Barka Khan (d. 1246) was a prominent chief of the disbanded Khwarizm Shah army. His tomb in Jerusalem is bound by Tariq Bab al-Silsila Street to the north and Aqabat Abu Maydan to the west and southwest. While not certain, evidence shows that the tomb was built by his son Badr al-Din Muhammad Bey, who was interned next to his father and his brother Husam al-Din Barka Khan Bey (d. 1263, Cairo), a year after his death in Damascus in 1280. The tomb, therefore, was built sometime between 1246 and 1280. There is some inconclusive evidence that a mosque was also built to form a funerary complex.
The rectangular plan tomb is centered on the formerly enclosed courtyard with tombstones, which is flanked by a small vaulted chamber at the southeast corner and a large rectangular room to the west. Two shops, entered from the street, occupy the northeast corner.
The tomb incorporates the foundation of an earlier structure on the site, and masonry and arches dating from the Crusader period. Only the façade on Tariq Bab al-Silsila survives from the original Mamluk structure, which was modified in 1390 with the addition of a water trough, five apartments and two shops. The vaulting of the courtyard was also restored at this time. The tomb was incorporated into the residence of the Khalidi family as the family mosque at an unknown date. In 1900, a library of 12,000 books and manuscripts was later created by Shaykh Raghib al-Khalidi and the interior was substantially remodeled per the new function.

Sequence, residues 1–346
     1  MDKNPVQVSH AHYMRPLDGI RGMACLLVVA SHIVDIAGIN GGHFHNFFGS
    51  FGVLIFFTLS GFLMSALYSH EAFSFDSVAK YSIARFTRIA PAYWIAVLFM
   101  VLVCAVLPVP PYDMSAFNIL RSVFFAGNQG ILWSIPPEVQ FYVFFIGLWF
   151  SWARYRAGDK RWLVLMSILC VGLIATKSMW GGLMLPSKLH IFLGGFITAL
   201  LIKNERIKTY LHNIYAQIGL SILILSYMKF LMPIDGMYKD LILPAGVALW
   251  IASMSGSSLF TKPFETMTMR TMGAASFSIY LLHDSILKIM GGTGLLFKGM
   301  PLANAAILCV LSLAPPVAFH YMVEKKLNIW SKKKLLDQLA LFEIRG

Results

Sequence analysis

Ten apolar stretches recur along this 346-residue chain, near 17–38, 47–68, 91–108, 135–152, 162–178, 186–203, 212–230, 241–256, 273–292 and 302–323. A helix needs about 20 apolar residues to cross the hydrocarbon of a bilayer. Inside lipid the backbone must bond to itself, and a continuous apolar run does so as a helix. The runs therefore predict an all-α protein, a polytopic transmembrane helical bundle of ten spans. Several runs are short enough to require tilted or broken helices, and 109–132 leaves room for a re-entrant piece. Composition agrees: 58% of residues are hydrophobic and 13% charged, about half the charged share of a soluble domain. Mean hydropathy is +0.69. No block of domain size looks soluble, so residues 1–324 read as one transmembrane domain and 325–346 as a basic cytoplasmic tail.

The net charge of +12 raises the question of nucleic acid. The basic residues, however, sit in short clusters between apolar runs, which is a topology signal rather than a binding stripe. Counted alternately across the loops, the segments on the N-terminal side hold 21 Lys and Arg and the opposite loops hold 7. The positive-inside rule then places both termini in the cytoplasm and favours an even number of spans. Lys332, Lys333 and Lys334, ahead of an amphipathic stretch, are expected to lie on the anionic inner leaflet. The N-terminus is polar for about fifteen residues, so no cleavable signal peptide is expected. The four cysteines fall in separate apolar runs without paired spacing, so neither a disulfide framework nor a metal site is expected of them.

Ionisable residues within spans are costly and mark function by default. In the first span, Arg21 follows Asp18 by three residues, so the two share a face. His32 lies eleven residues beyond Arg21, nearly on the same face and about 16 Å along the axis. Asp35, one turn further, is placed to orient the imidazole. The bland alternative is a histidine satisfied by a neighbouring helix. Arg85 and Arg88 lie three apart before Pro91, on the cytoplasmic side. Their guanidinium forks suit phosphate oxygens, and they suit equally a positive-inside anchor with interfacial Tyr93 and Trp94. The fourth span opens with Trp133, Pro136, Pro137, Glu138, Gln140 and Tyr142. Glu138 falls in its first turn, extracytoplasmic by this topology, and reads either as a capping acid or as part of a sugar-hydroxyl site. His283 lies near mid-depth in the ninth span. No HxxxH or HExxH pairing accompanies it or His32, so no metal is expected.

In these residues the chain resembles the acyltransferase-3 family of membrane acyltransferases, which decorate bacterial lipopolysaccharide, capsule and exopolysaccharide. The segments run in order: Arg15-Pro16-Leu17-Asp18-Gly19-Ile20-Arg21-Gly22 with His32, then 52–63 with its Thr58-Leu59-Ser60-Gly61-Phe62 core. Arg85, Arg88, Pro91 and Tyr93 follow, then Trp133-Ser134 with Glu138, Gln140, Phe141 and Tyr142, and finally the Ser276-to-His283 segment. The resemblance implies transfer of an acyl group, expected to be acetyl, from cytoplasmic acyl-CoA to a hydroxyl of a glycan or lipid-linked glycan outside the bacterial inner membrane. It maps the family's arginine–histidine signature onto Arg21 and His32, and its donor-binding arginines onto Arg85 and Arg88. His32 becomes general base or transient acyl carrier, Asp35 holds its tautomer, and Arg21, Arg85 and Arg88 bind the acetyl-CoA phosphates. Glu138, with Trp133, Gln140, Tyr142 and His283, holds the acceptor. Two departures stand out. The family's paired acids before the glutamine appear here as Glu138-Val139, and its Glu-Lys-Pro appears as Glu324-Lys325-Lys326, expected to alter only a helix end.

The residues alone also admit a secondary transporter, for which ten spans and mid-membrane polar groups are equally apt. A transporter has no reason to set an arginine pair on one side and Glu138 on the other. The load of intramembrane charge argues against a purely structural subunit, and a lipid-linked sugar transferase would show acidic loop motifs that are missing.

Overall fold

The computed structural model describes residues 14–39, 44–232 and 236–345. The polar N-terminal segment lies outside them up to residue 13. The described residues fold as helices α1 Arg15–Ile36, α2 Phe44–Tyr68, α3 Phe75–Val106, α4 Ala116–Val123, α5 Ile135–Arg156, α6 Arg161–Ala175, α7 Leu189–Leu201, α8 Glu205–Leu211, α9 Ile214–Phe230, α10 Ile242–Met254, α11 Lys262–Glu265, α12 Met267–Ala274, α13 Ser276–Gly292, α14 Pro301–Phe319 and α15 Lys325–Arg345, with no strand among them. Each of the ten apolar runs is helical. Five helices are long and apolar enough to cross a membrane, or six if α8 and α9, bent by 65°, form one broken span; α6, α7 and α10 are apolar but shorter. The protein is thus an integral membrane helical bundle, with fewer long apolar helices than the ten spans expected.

Built in two phases during the Mamluk era, the northern elevation currently features the following elements: the courtyard portal, a low drinking trough, a large grilled window giving views into the courtyard, and two windows of the western room. The larger window of the western room, known as the Romanesque portal, was enclosed to form a window sometime at the turn of the century. An inscription on the lintel of the courtyard window identifies this window, the courtyard portal and the water trough as part of the 1390 restoration, commissioned by Muhammad bin Khamad bin Timur al-Ala'i. A second inscription above the courtyard window states the names of Barka Khan and Husam al-Din as the tomb's owners and Barka Khan's date of death.
The triple nestled archway of the Romanesque portal, now a window of the western room, represents a continuation of Crusader-Ayyubid architectural tradition seen in earlier Jerusalem monuments such as the Holy Sepulchre Church and Afdaliyya Madrasa. Red and white stone courses (ablaq) decorate the rectangular doorway inside the shallow recess of the courtyard portal, which is fitted with stone benches. Ablaq masonry is also used in the jambs and lintel of the courtyard window.
Inside the courtyard, the graves of Barka Khan and his two sons are marked with three shallow cenotaphs along the western wall, which has a doorway leading into the reading room and a window to its left. The eastern wall is two stories tall and has a door, a lower window and four upper windows with nineteenth century Ottoman frames. Crusader spolia such as capitals and carved stones with shields can be seen on the courtyard walls.
Burgoyne, Michael. Mamluk Jerusalem, 109-116. London: The British School of Archeology in Jerusalem Press, 1987.